We are always taught and learnt to be that the value types are always stored on the Stack, and this is not true to its entirety. There is this one question which always, from the time I started working on C#, bothered me to ask myself, but until recent time I have never attempted to research to find the reason for it, how shameless of me.
Question: If the value types are used as part of the object instance, where would that be stored, still on the stack?
So the answer to this particular question at least arises one point which contradicts this famous myth. The answer is – Value types are stored on the heap as part of the object instance, not on the stack.
In process of finding the reason, I came across this topic from Eric Lippert, http://blogs.msdn.com/b/ericlippert/archive/2010/09/30/the-truth-about-value-types.aspx
He says: In the Microsoft implementation of C# on the desktop CLR, value types are stored on the stack when the value is a local variable or temporary that is not a closed-over local variable of a lambda or anonymous method, and the method body is not an iterator block, and the jitter chooses to not enregister the value.”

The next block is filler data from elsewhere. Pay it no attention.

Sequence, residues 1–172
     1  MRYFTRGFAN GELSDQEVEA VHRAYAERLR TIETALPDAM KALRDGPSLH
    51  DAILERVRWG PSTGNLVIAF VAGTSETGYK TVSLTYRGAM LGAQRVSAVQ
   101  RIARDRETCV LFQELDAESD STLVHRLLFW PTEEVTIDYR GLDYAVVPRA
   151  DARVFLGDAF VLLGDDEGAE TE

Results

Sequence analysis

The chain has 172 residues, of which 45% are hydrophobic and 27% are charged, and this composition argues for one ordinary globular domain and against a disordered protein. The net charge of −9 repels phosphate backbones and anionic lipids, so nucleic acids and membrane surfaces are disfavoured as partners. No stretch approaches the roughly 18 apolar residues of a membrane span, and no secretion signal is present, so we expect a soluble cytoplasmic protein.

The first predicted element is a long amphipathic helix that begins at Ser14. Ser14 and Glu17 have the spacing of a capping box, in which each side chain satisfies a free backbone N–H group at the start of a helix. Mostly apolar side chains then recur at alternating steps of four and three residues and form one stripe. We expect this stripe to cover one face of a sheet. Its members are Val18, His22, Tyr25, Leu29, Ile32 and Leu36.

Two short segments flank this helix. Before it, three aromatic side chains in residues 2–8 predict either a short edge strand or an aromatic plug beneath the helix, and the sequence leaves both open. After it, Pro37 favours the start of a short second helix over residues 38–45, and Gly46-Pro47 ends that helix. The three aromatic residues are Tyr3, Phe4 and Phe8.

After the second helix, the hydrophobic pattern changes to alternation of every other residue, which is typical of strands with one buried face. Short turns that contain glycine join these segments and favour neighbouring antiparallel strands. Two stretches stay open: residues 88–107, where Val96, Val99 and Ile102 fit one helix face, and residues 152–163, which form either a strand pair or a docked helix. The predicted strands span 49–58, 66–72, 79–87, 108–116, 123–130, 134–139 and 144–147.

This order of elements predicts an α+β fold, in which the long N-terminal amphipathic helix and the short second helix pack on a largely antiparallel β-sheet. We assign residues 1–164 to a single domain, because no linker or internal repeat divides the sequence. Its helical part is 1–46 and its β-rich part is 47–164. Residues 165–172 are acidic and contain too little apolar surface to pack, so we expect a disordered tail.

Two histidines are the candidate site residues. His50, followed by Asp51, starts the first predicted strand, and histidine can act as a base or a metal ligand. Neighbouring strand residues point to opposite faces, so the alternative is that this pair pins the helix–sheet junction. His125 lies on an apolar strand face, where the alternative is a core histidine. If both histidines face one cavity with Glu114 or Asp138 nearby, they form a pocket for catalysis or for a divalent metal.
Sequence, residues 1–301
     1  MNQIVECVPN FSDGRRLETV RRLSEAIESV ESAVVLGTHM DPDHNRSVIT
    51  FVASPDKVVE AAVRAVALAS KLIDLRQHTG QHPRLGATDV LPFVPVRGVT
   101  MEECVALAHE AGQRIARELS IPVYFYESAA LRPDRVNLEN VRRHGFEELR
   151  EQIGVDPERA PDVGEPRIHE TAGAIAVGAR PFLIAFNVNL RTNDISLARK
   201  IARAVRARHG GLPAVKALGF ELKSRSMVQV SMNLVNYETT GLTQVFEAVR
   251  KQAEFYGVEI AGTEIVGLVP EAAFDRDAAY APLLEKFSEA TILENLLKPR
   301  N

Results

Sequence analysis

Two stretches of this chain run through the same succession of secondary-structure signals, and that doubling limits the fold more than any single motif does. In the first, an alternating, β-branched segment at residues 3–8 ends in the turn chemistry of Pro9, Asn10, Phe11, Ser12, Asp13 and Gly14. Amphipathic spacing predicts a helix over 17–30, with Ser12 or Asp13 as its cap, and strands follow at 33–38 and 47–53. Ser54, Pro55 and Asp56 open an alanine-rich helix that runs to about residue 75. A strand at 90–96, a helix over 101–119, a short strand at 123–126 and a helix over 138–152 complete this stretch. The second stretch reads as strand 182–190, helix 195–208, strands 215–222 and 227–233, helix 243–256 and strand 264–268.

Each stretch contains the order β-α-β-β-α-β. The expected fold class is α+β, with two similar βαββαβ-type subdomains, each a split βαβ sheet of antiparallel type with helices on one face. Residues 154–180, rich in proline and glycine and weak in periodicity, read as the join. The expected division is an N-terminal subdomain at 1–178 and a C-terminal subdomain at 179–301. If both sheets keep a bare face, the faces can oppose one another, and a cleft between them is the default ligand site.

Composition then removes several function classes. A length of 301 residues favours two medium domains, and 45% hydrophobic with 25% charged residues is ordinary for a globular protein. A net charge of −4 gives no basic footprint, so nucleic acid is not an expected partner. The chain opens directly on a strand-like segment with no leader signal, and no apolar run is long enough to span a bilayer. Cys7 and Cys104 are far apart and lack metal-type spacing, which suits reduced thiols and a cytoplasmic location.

Few of other points from his blog:
- There are three types of values: Instances of Value types, Instances of Reference Types and, References
- There are three kinds of storage locations: Stack, heap and registers
- Every storage location has a “life time”. That is, a period of time in which storage location’s contents is valid.
- The time between a start of execution of a particular method and the method returning normally or throwing an exception is the “activation period” for that method execution.
- If the life time of the value is greater than the activation period, then it’s called long lived value, otherwise it is short lived.
- So the choice of the storage location for the complier mostly depends life time of the storage location. How? If the required life time of the storage location is greater than the activation period of the current method execution than the storage is said to be “long lived”, otherwise it is “short lived”
- Long lived storage location are always heap locations.
- Short lived storage location are always stack or registers.
- References and value types are same as far as their storage is concerned: they either on stack or registers or heap, depending whether the storage of the value needs to be short lived or long lived.